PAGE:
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Australian Researchers Find Cost-Effective Way To Recycle Solar Panels

Avatar Written by Senoria Khursheed · 1 min read>

Australian research centers have discovered a cost-effective method to recycle solar panels. The process involves gathering solar arrays and dismantling them, shredding the cells, and employing an electrostatic separation to collect valuable components. Such as silver and copper, reducing the panels to 2%-3% of their original weight. 

Researchers have found that this method will help to handle the growing volume of retired photovoltaic (PV) cells predicted by the decade’s end. Last week, a team from the University of New South Wales stated in a paper. Where researchers outlined a procedure for collecting and extracting valuable elements from solar arrays. To see if it was technically, commercially, and environmentally possible. Afterward, the reclaimed material would be delivered directly to a refinery for processing and purification.

Dr. Pablo Dias, the lead author of the study, said that we would be able to manage 1,000 tones of solar panels per year. This will be equivalent to approximately 50,000 panels per year, or around 4,100 per month. Moreover, Dr. Dias said it does not utilize chemicals and does not emit any pollution or hazardous pollution. However, the panels’ crushing creates dust, although dust collectors are there.

Cost-Effective Method to Recycle Solar Panels

Currently, Australia has minimal capacity to handle and recycle solar panels at the end of its life span. A growing number of solar panels will eventually approach the end of their useful lives due to the rapid adoption of rooftop solar and proposals for large-scale solar farms.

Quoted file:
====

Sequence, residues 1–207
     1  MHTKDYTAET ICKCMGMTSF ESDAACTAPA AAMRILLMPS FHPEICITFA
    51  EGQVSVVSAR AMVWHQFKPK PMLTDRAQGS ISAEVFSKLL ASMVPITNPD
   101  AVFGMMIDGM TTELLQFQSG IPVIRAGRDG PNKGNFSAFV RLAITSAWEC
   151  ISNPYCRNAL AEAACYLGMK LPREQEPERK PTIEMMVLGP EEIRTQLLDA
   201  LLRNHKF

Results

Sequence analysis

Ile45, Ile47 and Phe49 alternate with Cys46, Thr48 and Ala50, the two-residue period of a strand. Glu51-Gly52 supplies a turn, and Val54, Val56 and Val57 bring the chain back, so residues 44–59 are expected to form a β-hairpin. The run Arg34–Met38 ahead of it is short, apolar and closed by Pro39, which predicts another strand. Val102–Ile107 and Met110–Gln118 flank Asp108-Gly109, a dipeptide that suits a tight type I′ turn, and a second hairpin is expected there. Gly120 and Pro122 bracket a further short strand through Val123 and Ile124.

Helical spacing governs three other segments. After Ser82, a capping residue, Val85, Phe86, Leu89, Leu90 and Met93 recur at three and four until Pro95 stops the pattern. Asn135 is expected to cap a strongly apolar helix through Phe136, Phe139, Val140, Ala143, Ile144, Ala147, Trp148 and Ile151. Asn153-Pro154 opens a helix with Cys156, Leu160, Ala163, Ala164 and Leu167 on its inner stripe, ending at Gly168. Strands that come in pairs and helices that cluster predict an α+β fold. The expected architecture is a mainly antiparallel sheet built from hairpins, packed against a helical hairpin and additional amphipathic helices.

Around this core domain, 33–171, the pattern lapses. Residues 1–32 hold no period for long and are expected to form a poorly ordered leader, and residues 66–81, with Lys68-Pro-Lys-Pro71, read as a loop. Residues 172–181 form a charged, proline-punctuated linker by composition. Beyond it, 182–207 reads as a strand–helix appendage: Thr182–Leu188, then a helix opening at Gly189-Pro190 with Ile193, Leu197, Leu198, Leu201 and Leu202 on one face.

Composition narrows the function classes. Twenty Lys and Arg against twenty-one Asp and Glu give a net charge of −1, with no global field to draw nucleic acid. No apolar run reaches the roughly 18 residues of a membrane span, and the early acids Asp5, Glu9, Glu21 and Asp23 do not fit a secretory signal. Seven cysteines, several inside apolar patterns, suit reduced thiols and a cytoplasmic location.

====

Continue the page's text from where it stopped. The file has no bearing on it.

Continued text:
Earlier, a 2016 report showcased by the International Renewable Energy Agency (Irena) discovered large-scale and early adopters of PV. That might anticipate the most waste from outdated systems. However, by 2030, Australia will produce 145,000 tonnes of PV solar waste annually. The US expects 1 million tonnes and China to produce 1.5 million tonnes. Smaller plants can process material closer to its source, minimizing transit emissions.

He has also broadened his research through a start-up firm, Solar cycle, which is constructing a facility in Texas in the United States. In November, it will be operational. Prof. Peter Majewski from the University of South Australia’s Future Industries Institute said it made “absolute sense” but cautioned against a one-size-fits-all approach. Developing a solid recycling technology and industry is essential because we will face massive solar panels.

Majewski stated that while it was necessary to consider how to handle solar panels that had reached the end of their useful lives. It was a “solvable problem” that could be resolved with a stewardship program that clarified who was in charge and the procedures for disposing of them.

According to Majewski, solar panels and wind is consistently highlighted as a problem in various discussions. Many technologies are producing waste. We can manage it. It’s a question of legislation and technology.

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